China strongly opposes U.S. Chips and Science Act

China has expressed strong opposition to the United States’ “unfair” new legislation on chip subsidies, saying that using political power to intervene in a sector that is highly globalized and based on market dynamics will eventually harm the interests of companies globally, including in the U.S. U.S. President Joe Biden last week signed the Chips and Science Act to offer USD52.7 billion in subsidies and extra tax credits for U.S. semiconductor production and research. The legislation prohibits companies from expanding their advanced semiconductor manufacturing in China for 10 years after they receive subsidies to build a U.S. plant.

Foreign Ministry Spokesman Wang Wenbin said that the legislation is an example of economic coercion by the U.S., and decoupling will harm both itself and others. Restrictions and suppression will not stop the pace of China’s technological and industrial development, he said. In a joint statement, the China Council for the Promotion of International Trade (CCPIT) and the China Chamber of International Commerce, said that the legislation provides for a typical industry-specific subsidy that does not conform to the non-discrimination principles of the World Trade Organization (WTO). The bill identifies particular countries as key targets, which would force companies to adjust their global development strategies and layouts, they said. In particular, the bill gives a wide definition to “any country of concern”, which would infinitely expand the discretionary power of its law enforcement, they added. Following the passage of the bill, shares of South Korea's SK Hynix and Samsung Electronics fell on the stock exchange. Hao Min, Professor of Technology Security at the University of International Relations in Beijing, said that the U.S.’ intention to boost its own growth by blocking other countries’ technological development will not work in the long run and will hurt the U.S. in the end.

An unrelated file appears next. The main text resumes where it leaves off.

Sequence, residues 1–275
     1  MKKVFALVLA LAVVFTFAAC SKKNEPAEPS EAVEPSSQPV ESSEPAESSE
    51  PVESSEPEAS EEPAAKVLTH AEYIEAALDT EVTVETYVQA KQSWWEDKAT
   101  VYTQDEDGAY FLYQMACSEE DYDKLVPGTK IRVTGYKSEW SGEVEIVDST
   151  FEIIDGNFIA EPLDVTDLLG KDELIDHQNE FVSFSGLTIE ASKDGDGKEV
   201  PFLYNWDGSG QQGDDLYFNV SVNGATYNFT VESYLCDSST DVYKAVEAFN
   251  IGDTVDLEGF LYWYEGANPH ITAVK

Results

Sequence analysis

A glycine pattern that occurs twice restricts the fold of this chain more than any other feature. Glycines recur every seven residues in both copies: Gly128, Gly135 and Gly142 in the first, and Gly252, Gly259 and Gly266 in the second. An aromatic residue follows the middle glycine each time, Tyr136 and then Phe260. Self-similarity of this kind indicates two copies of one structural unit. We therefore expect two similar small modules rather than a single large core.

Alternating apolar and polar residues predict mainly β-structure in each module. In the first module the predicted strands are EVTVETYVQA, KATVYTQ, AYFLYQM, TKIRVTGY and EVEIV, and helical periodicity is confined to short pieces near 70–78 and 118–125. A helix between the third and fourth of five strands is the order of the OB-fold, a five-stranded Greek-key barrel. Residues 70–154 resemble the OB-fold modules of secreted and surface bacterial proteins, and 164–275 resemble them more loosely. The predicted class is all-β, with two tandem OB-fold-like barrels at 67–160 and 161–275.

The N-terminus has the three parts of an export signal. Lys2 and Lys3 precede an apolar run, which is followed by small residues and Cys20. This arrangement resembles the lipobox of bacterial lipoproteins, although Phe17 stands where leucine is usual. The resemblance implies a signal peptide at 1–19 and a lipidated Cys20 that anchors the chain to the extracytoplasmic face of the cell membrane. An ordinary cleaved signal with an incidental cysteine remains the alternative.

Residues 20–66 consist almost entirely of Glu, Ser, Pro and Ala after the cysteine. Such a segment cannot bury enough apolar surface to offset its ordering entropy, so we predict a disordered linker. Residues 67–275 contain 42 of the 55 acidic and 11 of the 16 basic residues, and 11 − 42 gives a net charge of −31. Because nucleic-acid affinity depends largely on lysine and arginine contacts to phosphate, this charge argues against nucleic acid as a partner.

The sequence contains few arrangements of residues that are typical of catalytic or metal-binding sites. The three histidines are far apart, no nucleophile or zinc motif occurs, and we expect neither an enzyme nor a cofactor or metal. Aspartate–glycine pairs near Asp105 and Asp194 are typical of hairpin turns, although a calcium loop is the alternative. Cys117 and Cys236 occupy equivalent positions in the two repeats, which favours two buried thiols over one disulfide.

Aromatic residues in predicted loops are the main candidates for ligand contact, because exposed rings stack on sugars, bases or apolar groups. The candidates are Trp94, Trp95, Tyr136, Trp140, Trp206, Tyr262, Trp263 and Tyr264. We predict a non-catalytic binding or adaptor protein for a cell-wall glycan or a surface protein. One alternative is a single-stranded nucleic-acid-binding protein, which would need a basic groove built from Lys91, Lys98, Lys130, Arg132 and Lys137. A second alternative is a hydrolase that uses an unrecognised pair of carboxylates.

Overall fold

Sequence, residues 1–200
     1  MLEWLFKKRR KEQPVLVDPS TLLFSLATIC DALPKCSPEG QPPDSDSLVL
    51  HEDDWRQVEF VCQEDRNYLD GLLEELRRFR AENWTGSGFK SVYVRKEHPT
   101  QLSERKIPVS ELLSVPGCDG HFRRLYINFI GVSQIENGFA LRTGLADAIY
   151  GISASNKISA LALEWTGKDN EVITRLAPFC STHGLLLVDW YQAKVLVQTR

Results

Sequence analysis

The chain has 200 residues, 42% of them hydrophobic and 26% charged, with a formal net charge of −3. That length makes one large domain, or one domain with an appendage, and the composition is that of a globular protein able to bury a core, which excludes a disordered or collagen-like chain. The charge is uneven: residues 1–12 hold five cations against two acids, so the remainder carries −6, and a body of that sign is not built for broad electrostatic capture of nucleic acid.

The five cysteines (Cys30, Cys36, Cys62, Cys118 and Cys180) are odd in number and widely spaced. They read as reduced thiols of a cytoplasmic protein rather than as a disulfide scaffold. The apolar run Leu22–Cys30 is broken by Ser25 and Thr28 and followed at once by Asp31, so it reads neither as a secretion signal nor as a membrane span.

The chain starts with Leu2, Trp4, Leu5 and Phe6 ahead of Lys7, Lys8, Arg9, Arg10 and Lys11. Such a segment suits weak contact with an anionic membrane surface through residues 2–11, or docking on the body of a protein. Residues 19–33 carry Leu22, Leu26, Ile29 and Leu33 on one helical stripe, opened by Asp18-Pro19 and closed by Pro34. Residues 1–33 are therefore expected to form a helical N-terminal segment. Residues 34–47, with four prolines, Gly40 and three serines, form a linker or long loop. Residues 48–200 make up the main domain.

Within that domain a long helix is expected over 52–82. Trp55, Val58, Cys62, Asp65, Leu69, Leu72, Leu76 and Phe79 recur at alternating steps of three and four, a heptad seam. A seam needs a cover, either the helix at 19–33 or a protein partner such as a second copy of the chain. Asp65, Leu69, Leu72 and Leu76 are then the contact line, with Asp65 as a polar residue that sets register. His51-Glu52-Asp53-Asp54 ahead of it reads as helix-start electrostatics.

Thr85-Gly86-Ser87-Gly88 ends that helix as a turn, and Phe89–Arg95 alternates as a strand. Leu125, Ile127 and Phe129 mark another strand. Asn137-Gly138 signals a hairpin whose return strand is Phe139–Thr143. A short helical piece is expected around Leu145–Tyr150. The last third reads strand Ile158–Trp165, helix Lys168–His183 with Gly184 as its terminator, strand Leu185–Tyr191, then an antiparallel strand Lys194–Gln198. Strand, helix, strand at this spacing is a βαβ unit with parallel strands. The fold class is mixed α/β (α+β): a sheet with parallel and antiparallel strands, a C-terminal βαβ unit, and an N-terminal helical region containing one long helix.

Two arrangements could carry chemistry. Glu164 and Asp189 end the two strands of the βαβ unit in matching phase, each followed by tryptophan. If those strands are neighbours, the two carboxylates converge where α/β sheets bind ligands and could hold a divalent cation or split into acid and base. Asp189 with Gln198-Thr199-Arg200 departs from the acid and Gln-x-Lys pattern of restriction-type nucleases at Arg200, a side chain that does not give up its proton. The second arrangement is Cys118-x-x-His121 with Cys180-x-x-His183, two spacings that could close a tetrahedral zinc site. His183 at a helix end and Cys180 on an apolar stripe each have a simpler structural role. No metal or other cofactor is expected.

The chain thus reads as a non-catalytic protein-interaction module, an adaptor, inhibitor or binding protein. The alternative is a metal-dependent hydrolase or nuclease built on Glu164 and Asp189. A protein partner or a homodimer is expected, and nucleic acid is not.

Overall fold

According to the latest U.S. Congressional Budget Office estimates, the new semiconductor legislation will increase the U.S. budget deficit by USD48 billion over the next five years and by USD79 billion through 2031. While the Boston Consulting Group expected it would cost USD350 billion to USD420 billion to create a self-sufficient semiconductor supply chain in the U.S., an executive from a Chinese chip design and manufacturing firm said that “the USD52.7 billion subsidy is really a drop of water in the bucket, not to mention that it will be divided up by a number of chip companies,” the China Daily reports.